The executive branch, upon submitting the CWC to the Senate, recognized the need for additional legislation. Shortly after the CWC was submitted to the Senate, the executive branch submitted the Chemical Weapons Convention Implementation Act for congressional passage. That legislation was delayed and was submitted again after the CWC was approved by the Senate in 1997. Such legislation was needed, according to its congressional sponsor, because the CWC "contains a number of provisions that require implementing legislation to give them effect within the United States." (80) That legislation was eventually enacted in 1998. (81) One part of this legislation served as the basis for Bond's prosecution. (82) Section 229 makes it unlawful to "develop, produce, otherwise acquire, transfer directly or indirectly, receive, stockpile, retain, own, possess, or use, or threaten to use, any chemical weapon." (83)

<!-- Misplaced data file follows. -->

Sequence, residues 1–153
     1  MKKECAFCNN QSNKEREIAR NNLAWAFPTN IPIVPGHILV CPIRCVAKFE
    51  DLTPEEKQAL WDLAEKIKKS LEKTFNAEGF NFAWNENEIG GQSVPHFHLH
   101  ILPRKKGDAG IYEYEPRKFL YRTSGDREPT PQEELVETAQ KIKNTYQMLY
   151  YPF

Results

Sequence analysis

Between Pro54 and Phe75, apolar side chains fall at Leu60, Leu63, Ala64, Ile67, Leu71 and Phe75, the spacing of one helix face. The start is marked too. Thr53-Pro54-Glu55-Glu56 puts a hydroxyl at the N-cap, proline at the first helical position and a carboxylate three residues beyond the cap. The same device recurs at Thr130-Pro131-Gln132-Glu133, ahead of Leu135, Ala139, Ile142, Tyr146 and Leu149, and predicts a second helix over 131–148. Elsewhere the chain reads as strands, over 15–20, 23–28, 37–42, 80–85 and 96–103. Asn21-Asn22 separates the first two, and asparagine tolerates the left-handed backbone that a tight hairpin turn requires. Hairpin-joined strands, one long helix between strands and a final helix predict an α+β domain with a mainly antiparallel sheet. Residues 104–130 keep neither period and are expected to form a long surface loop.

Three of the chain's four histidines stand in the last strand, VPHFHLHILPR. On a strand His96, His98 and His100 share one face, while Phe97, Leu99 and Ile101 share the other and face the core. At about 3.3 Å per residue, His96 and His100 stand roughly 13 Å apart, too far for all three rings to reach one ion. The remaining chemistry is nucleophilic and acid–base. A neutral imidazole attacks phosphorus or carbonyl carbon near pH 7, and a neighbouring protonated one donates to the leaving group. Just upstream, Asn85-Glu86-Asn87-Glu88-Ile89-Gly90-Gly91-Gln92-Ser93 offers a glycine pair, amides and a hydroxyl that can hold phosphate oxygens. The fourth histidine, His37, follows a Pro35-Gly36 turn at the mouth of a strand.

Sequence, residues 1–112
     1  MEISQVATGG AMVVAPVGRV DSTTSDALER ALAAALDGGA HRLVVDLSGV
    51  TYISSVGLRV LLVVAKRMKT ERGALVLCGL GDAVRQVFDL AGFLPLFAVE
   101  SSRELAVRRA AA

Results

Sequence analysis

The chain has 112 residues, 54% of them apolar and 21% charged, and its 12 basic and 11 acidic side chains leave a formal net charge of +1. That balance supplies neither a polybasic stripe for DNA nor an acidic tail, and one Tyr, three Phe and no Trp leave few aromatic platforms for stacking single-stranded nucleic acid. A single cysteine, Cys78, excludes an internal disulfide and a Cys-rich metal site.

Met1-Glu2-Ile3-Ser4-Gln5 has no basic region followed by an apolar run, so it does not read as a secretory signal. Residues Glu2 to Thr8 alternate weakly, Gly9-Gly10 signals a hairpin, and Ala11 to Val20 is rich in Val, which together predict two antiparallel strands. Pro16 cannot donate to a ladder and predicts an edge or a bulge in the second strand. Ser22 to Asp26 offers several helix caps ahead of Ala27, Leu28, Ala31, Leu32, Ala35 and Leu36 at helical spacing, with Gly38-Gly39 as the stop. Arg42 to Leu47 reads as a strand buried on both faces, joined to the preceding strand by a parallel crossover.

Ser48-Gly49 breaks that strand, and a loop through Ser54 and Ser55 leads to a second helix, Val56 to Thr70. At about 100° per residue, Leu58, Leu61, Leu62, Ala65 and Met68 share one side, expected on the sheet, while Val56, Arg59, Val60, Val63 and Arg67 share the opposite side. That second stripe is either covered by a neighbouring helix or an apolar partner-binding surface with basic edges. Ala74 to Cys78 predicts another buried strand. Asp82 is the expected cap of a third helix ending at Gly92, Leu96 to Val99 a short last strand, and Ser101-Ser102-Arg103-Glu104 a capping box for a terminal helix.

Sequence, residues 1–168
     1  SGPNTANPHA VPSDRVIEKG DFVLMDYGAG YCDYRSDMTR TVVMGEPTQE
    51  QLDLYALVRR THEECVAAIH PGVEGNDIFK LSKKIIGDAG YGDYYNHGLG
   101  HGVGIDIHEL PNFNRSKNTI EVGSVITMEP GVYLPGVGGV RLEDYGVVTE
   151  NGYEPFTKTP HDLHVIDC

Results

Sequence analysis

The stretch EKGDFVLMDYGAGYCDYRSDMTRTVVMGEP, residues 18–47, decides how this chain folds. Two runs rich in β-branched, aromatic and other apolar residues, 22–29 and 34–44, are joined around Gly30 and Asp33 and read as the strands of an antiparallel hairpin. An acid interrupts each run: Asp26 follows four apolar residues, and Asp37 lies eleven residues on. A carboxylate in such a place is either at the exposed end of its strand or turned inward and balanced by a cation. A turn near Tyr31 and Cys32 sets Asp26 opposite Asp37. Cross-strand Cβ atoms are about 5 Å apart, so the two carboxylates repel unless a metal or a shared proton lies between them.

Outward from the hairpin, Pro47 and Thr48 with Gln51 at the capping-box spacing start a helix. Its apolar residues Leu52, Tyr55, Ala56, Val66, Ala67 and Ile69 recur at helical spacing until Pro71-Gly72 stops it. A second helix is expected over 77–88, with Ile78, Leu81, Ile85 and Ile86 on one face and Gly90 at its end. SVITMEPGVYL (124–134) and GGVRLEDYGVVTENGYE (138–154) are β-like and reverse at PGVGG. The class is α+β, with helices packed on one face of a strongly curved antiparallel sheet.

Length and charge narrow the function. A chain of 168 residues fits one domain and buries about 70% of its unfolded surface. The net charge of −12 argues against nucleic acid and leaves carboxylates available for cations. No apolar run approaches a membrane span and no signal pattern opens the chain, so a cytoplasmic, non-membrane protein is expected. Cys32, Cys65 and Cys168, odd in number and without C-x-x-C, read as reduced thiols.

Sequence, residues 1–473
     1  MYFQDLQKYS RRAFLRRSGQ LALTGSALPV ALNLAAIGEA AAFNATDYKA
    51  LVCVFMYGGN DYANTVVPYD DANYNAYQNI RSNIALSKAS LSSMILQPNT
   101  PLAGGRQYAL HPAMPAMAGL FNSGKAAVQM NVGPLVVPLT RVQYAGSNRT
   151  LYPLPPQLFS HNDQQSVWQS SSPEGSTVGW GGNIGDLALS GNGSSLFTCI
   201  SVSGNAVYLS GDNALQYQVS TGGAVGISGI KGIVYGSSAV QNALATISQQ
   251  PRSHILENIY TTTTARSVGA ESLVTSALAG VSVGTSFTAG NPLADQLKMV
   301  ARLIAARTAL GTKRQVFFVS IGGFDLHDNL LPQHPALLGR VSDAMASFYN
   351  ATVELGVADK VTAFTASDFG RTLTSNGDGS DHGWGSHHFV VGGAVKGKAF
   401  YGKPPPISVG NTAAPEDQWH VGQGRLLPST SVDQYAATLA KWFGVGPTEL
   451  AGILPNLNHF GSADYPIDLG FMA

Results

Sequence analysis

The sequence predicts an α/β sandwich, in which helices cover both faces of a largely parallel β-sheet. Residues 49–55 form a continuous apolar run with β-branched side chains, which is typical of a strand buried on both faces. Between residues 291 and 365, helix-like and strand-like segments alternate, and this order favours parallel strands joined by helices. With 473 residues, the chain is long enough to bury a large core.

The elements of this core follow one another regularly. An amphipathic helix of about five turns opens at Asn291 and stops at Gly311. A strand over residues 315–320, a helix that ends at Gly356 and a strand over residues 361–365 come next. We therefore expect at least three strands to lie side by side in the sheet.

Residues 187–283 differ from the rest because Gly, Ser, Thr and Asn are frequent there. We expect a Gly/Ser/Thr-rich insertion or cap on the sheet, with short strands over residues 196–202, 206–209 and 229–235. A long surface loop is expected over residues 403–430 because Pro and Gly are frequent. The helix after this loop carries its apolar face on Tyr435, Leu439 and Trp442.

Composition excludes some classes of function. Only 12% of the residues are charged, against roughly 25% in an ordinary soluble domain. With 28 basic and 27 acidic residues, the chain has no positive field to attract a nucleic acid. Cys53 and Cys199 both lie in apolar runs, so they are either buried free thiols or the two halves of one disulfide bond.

The CWC is hardly the only treaty of importance where non-self-execution has proved an effective and even preferred method of U.S. adherence. One of the most successful private commercial treaties, the Convention on the Recognition and Enforcement of Arbitral Awards (New York Convention), has been widely recognized as non-self-executing within the U.S. system. (84) Although the New York Convention does not specifically require separate legislation, the Federal Arbitration Act has proved an effective method of ensuring U.S. compliance. (85) Non-self-execution is not only constitutionally uncontroversial in practice, but it has proven attractive and useful for many kinds of U.S. treaties, including the CWC. Even assuming there are no constitutional problems with non-self-executing treaties, the question remains: what are the advantages of the non-self-execution process?